Quotation of characters in the Korn shell or POSIX shell

When you want the Korn shell or POSIX shell to read a character as a regular character, rather than with any normally associated meaning, you must quote it.

Each metacharacter has a special meaning to the shell and, unless quoted, causes termination of a word. The following characters are considered metacharacters by the Korn shell or POSIX shell and must be quoted if they are to represent themselves:

  • pipe (|)
  • ampersand (&)
  • semicolon (;)
  • less-than sign (<) and greater-than sign (>)
  • left parenthesis (() and right parenthesis ())
  • dollar sign ($)
  • backquote (`) and single quotation mark (')
  • backslash (\)
  • double-quotation marks (")
  • newline character
  • space character
  • tab character

To negate the special meaning of a metacharacter, use one of the quoting mechanisms in the following list.

Item Description
Backslash A backslash (\) that is not quoted preserves the literal value of the following character, with the exception of a newline character. If a newline character follows the backslash, then the shell interprets this as line continuation.
Single Quotation Marks Enclosing characters in single quotation marks (' ') preserves the literal value of each character within the single quotation marks. A single quotation mark cannot occur within single quotation marks.

A backslash cannot be used to escape a single quotation mark in a string that is set in single quotation marks. An embedded quotation mark can be created by writing, for example: 'a'\''b', which yields a'b.

Double Quotation Marks Enclosing characters in double quotation marks (" ") preserves the literal value of all characters within the double quotation marks, with the exception of the dollar sign, backquote, and backslash characters, as follows:
The dollar sign retains its special meaning introducing parameter expansion, a form of command substitution, and arithmetic expansion.

The input characters within the quoted string that are also enclosed between $( and the matching ) will not be affected by the double quotation marks, but define that command whose output replaces the $(...) when the word is expanded.

Within the string of characters from an enclosed ${ to the matching }, there must be an even number of unescaped double quotation marks or single quotation marks, if any. A preceding backslash character must be used to escape a literal { or }.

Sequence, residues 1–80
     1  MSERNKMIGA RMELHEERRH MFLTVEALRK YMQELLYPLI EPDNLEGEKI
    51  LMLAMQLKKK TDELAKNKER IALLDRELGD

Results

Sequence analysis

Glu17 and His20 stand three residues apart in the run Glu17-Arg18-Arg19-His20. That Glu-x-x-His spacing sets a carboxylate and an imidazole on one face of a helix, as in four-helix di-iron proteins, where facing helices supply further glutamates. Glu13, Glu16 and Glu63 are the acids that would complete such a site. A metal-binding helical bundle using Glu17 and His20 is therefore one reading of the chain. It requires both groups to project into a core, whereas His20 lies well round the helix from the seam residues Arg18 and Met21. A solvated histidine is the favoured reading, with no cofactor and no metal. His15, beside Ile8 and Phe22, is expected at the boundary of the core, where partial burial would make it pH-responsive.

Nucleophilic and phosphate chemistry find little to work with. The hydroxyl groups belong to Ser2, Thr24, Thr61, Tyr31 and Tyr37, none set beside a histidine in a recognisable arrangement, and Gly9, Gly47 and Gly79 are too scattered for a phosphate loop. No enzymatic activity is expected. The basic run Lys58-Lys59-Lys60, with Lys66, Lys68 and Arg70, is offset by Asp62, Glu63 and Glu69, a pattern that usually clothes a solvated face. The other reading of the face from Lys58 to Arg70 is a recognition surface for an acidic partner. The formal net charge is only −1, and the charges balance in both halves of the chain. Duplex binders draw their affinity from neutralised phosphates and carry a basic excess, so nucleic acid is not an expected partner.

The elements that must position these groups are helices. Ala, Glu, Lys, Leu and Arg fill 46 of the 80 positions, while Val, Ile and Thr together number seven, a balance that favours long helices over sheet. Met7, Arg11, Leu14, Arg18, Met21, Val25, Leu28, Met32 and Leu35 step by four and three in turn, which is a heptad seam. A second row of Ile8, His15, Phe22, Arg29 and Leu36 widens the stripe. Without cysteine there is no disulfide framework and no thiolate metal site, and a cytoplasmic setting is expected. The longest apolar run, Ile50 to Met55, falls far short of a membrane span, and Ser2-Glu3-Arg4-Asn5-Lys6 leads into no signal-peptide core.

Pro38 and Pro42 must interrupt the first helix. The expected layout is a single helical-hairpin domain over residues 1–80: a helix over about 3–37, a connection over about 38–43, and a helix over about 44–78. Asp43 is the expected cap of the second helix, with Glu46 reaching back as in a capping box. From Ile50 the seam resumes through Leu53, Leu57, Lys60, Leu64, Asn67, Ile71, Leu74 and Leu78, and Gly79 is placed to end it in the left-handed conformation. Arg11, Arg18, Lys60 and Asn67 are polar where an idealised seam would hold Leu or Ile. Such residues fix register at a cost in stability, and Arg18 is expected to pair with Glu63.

The backquote retains its special meaning introducing the other form of command substitution. The portion of the quoted string, from the initial backquote and the characters up to the next backquote that is not preceded by a backslash, defines that command whose output replaces ` ... ` when the word is expanded.
The backslash retains its special meaning as an escape character only when followed by one of the following characters: $, `, ", \, or a newline character.

A double quotation mark must be preceded by a backslash to be included within double quotation marks. When you use double quotation marks, if a backslash is immediately followed by a character that would be interpreted as having a special meaning, the backslash is deleted, and the subsequent character is taken literally. If a backslash does not precede a character that would have a special meaning, it is left in place unchanged, and the character immediately following it is also left unchanged. For example:
"\$"    ->      $
"\a"    ->      \a
The following conditions apply to metacharacters and quoting characters in the Korn or POSIX shell:
  • The meanings of dollar sign, asterisk ($*) and dollar sign, at symbol ($@) are identical when not quoted, when used as a parameter assignment value, or when used as a file name.
  • When used as a command argument, double quotation marks, dollar sign, asterisk, double quotation marks ("$*") is equivalent to "$1d$2d...", where d is the first character of the IFS parameter.
  • Double quotation marks, at symbol, asterisk, double quotation marks ("$@") are equivalent to "$1" "$2" ....
  • Inside backquotes (``), the backslash quotes the characters backslash (\), single quotation mark ('), and dollar sign ($). If the backquotes occur within double quotation marks (" "), the backslash also quotes the double quotation marks character.
  • Parameter and command substitution occurs inside double quotation marks (" ").
  • The special meaning of reserved words or aliases is removed by quoting any character of the reserved word. You cannot quote function names or built-in command names.